Recently, I have had a number of discussions with different quilters about their difficulties choosing colours for their projects.  This seems to be a recurring source of confusion for many.  People have a number of ways to avoid the frustration including using the same colours as a pattern, buying fabric in collections or pre-cuts or recruiting friends or fabric store staff to help.  In fact, they may not even think about colour unless it is time to assemble materials for a specific project, either from new fabric or from an existing stash.

On several occasions in the past few months, I have heard fabric artists say that they would like to learn more about colour combinations so I’ve decided to take up that challenges with a series of colour study exercises – and to invite others to take them on with me.

I am not going to reinvent the [colour] wheel (OK, pretty bad — actually used that clichéd expression without thinking then couldn’t resist adding the descriptor).  There are lots of wonderful resources available and I will share some in future posts.   My focus is going to be on using colour to create a mood or effect in fabric but to get there, it is useful to first study how to create colour.

Additive and Subtractive Colour

There are two  colour wheels that are commonly used – one based on primary colours of Red, Green and Blue, often called painter’s primaries,  and the second based on Magenta, Yellow and Cyan, known as the printer’s primaries or Ives colour Wheel.   You might recognize these as RGB and CMYK colour systems.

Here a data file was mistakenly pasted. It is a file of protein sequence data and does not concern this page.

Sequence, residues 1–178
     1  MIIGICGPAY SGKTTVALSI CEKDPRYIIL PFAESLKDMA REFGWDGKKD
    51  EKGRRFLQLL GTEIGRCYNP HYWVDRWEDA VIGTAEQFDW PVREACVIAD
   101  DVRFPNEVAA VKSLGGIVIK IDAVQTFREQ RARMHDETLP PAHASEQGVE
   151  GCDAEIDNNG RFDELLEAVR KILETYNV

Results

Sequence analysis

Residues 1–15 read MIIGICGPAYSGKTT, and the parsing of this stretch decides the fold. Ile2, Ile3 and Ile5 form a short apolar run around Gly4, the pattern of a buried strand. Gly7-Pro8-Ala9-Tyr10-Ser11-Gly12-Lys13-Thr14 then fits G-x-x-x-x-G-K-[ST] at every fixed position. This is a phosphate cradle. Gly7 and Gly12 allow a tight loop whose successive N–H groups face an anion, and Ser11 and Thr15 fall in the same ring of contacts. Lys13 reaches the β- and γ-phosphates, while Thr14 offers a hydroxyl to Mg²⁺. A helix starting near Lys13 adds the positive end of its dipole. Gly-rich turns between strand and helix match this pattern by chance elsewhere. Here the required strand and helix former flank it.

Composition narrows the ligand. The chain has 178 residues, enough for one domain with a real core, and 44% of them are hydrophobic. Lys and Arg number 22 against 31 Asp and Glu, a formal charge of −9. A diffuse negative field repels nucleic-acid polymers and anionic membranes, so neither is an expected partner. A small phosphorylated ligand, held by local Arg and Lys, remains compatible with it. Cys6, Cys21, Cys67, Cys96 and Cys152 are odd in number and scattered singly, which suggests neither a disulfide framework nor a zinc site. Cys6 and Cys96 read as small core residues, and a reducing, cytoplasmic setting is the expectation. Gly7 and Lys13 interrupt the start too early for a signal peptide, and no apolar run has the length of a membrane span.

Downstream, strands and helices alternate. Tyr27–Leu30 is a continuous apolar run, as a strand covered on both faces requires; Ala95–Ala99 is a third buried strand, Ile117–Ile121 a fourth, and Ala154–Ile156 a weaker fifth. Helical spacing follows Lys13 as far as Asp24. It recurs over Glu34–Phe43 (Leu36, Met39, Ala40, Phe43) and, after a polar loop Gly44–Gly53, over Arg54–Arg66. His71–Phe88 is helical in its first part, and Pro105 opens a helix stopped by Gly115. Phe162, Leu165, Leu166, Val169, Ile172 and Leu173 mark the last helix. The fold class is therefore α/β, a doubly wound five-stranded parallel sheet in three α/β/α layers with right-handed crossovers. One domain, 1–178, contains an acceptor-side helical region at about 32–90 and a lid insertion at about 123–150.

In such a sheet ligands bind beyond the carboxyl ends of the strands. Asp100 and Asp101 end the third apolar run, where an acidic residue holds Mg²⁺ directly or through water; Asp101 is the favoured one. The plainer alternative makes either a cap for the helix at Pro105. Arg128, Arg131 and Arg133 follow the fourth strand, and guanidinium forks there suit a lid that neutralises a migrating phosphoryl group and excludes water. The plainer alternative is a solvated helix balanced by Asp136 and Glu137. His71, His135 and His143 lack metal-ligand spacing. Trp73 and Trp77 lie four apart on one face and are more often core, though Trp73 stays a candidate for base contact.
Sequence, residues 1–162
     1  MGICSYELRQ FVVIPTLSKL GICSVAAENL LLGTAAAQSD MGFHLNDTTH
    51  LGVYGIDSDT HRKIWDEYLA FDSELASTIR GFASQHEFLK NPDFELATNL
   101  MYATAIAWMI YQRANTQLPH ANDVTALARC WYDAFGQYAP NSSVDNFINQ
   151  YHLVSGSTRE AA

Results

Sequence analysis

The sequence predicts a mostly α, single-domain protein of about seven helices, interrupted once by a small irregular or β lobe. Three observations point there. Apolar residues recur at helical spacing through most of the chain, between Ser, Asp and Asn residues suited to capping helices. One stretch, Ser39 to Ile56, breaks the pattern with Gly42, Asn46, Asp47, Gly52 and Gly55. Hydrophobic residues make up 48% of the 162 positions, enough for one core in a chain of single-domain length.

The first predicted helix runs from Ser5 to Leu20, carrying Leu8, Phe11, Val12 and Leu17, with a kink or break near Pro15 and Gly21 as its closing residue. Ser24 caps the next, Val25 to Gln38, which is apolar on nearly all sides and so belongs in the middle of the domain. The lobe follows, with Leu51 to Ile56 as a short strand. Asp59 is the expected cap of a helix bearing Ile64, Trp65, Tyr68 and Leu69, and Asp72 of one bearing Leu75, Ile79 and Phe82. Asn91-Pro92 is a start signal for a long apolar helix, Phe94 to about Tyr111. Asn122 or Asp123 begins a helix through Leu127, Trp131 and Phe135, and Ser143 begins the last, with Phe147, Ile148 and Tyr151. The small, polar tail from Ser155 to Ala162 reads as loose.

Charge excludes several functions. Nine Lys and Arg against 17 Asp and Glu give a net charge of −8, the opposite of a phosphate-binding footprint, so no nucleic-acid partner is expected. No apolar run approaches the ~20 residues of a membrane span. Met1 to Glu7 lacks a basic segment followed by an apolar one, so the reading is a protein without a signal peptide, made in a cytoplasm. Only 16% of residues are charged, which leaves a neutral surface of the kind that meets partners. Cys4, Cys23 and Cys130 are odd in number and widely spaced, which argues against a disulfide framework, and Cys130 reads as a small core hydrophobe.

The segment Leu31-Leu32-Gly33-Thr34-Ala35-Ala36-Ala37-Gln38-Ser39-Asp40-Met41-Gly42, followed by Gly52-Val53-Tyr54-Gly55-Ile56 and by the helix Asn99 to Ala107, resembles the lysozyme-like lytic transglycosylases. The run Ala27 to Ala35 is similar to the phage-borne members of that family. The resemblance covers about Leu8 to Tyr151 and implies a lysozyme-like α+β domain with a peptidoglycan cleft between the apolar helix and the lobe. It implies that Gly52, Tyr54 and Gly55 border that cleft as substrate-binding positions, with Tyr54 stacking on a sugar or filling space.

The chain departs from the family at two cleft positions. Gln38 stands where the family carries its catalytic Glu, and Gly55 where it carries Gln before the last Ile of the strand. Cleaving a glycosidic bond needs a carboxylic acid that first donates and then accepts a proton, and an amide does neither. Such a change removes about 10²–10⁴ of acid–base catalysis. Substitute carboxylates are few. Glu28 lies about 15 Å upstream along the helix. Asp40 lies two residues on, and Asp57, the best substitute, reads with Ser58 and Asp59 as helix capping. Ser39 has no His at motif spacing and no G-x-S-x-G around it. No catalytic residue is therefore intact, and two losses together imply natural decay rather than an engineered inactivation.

In basic terms, the difference between the two comes from the ways that colours are created.  With the additive colour method (RGB), you start with black and add light to create colour.  You can think of this as mixing with light.  Its applications include TV, computer monitors and stage lighting.

By contrast, in using subtractive colour (CMYK), you start with white and filter unwanted wavelengths.  Painters doing this with their colour pigments – mixing with inks.   additivesubtractive

Image via UpVector

Colour wheels based on the two systems differ somewhat.

Challenge 1: Preparation

  1. Decide what colour wheel you prefer.  I have been doing some playing with a wheel based on Cyan, Magenta and Yellow.  You can see some of my efforts on an earlier post on Colour Theory.  I have enjoyed working with comparisons on that wheel but for this series of challenges, I have decided to use the Painter’s Primary based on Red, Green and Blue.  I like the connection with painters through history, though I’m definitely not a painter.  I will be doing a 12-step wheel but you might feel ambitious and want to go for a 24 step spectrum.
  2. Gather colours for mixing.  You could use paints, pencils or pastels.  I’ll be using acrylic paints.  They are easy to mix, dry quickly and are readily available and not too expensive.  Mixing colours will help create a better understanding of the effect of mixing and will also make a good foundation for selecting fabrics in future challenges.  To begin, you will need the primary colours for your wheel plus black, white and grey (optional if you prefer to mix a grey from black and white).
  3. Choose a way to collect your exercises for reference.  There are many options – a spiral bound note book of varied sizes, a binder, poster boards – or a combination of any of these or other approaches.

Join me next week for the first hands-on exercise.  I’ll be experimenting with shades, tints and tones.

Have you spent time focused on learning colour?  What strategies did you use?  What colour wheel will you use for the challenge and why?